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Article #440 (635 is last):
From: aa700@cleveland.Freenet.Edu (Michael Current)
Subject: Atari/JTS Merger, wire report
Reply-To: aa700@cleveland.Freenet.Edu (Michael Current)
Posted-By: xx004 (Atari SIG)
Date: Sat Apr 20 16:37:44 1996

By Mike Langberg, San Jose Mercury News, Calif.

Knight-Ridder/Tribune Business News

Feb. 14--Atari Corp.'s long, strange story took another odd twist
Tuesday as the Sunnyvale video company announced plans to merge with JTS
Corp., a start-up manufacturer of computer hard-disk drives in San Jose.

Once the deal is completed in May or June, the combined company will
take the JTS Corp. name -- although Atari Corp. will continue in business as
a subsidiary manufacturing the Jaguar video-game system and developing
personal computer games.

Atari shareholders will own 60 percent of the merged company. Atari
Chairman Jack Tramiel and his family now hold 42 percent of Atari stock, so
they'll get 25 percent of the new entity.

But Tramiel, who took control of Atari in 1984, won't be the boss. He'll
take a seat on the board of directors, while JTS will continue to be managed
by two disk-drive industry veterans: Chairman Jugi Tandon and President Tom

Tramiel and his son Sam, now Atari's president, will continue to run the
video-game business for at least the immediate future.

Atari has been nearly swamped by years of heavy losses, and the Jaguar
has never become a credible force in the $6-billion-a-year video-game
industry. Only 150,000 Jaguar units have been sold since the system's launch
two years ago; Sony Corp., in comparison, has sold more than 500,000 of its
Playstation units since their introduction in September.

Despite its red ink, which includes a loss of $22 million on sales of
just $12 million in the first nine months of 1995, Atari has always held onto
considerable cash reserves and now has about $50 million in the bank.

"We had a surplus of cash and I felt we needed to invest this cash in
areas other than the game business," Tramiel said Tuesday.

Atari may be trading one big risk -- the video game business -- for
another. The disk-drive industry is huge, but constant pressure to make
higher-capacity drives at lower costs has forced numerous companies into

Up front, Atari is providing an immediate bridge loan of $25 million to
JTS; if the merger falls through, the loan will be converted into JTS stock
that will be retained by Atari.

Tramiel also denied persistent reports in recent weeks that Atari
intends to sell its few remaining assets. The company has laid off almost its
entire staff, and now functions with a skeletal crew of 30 people in
Sunnyvale and 10 workers at an office in the United Kingdom.

Atari was founded in 1972 by Nolan Bushnell, who invented the first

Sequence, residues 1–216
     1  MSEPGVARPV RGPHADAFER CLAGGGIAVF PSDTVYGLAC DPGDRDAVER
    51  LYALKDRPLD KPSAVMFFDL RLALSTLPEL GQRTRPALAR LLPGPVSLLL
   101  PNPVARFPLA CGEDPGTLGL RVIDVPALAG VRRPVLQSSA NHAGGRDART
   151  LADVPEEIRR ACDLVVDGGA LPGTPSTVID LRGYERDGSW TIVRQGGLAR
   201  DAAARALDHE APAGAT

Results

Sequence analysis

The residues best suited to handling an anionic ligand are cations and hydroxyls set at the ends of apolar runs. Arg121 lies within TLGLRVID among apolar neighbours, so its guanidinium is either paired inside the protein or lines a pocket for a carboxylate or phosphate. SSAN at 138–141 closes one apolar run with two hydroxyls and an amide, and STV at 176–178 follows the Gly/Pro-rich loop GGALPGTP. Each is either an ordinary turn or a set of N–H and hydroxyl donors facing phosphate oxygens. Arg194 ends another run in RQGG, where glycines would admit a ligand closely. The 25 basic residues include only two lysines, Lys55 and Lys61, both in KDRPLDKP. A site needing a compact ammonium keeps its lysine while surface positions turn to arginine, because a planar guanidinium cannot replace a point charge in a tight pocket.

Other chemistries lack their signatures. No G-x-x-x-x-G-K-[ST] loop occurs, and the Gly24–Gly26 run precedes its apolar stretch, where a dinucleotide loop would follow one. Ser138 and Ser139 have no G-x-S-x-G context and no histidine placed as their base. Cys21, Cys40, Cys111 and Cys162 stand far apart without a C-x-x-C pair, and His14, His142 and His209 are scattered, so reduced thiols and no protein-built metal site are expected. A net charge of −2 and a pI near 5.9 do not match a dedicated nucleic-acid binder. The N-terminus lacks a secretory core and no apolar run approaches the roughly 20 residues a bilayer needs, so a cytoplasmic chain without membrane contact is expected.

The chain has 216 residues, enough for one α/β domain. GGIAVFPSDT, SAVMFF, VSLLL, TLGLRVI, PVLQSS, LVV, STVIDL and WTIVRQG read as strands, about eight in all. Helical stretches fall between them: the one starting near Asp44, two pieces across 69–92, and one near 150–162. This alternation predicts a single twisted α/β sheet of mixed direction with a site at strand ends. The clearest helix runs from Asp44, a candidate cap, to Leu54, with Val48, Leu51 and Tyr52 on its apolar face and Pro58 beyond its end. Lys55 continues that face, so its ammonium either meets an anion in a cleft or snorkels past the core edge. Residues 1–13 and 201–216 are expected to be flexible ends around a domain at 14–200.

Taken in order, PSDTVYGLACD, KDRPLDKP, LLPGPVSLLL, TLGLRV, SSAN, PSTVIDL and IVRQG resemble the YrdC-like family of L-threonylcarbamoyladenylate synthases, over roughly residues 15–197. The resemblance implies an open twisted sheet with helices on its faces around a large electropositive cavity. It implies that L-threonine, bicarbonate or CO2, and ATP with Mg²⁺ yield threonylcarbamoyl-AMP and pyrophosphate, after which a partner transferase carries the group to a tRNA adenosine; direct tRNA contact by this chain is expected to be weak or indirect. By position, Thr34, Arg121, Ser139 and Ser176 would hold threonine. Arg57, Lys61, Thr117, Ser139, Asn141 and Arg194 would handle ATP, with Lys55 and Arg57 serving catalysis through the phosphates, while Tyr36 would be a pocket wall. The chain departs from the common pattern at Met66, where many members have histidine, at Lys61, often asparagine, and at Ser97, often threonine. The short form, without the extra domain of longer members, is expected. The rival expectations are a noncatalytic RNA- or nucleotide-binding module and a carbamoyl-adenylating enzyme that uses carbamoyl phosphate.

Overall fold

video game -- "Pong." The company grew to become one of the biggest in
Silicon Valley and was sold to the company that is now Time Warner Inc.

before nearly collapsing in the early 1980s when consumers suddenly grew
bored with video games.

JTS, in contrast, is growing rapidly.

The company was formed in February 1994 by Tandon, when he bought the
assets of a defunct disk-drive company called Kalok Corp. Tandon had
previously founded Tandon Corp. of Los Angeles, which made disk drives in the
1970s and early 1980s, then switched to making PCs. Tandon Corp. fell victim
to the first big PC price war in 1992 and entered bankruptcy proceedings in
early 1993.

Tandon first met Tramiel in the 1970s, when Tandon Corp. supplied disk
drives to Commodore, a computer company then owned by Tramiel.

Mitchell, JTS's president, worked for Tramiel as Commodore's general
manager in 1978 and 1979. He then left to help launch Seagate Technology Inc.

of Scotts Valley, now the world's largest disk-drive producer. Mitchell left
Seagate in 1991 to become president of Conner Peripherals in San Jose, then
moved to JTS last year before Conner was acquired by Seagate.

JTS, which has 160 employees in San Jose and 1,300 workers at a
disk-drive production plant in Madras, India, is trying to convince laptop PC
manufacturers to switch to a new type of hard disk. Laptop computers today
use 2.5-inch diameter hard drives, which are more expensive to manufacture
than the larger 3.5-inch drives that are common in desktop PCs. JTS is
offering a compromise: a thin 3-inch drive that shares the low-cost
manufacturing methods of 3.5-inch drives, while taking up no more space than
thick 2.5-inch drives.

The company has gotten an order from Compaq Computer Corp. of Houston,
which is expected to ship laptops with the JTS drives by June. Compaq has
also helped fund development work at JTS and has convinced another disk-drive
manufacturer, Western Digital Corp. of Irvine, to start making a small number
of 3-inch drives.

But JTS still faces a considerable struggle in convincing laptop makers
to switch to 3-inch drives.

"It's my understanding Compaq's interest is still somewhat limited,"

said Robert Katzive, vice president of the research firm Disk/Trend Inc. of
Mountain View. "Maybe there's room (for 3-inch drives), we'll just have to



     Visit Mercury Center on America Online (keyword: MERCURY) or Mercury
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15:28 02-14-96


LOS ANGELES--(BUSINESS WIRE)--Feb. 14, 1996--Analyst Lee Isgur  of Jefferies
& Co. Inc. raised his rating on Atari Corp. (ATC) to  ACCUMULATE from Hold
due to Atari's announced merger with JTS Corp.  and the likelihood that
Atari's growth in 1996 will accelerate  dramatically.  


Jefferies & Co. Inc. 

Lee Isgur, 415/263-1417 


Michael Current, 8-Bit Atari FAQ & Vendor/Developer Lists maintainer
   User groups: CAIN, SPACE, NWPAC /

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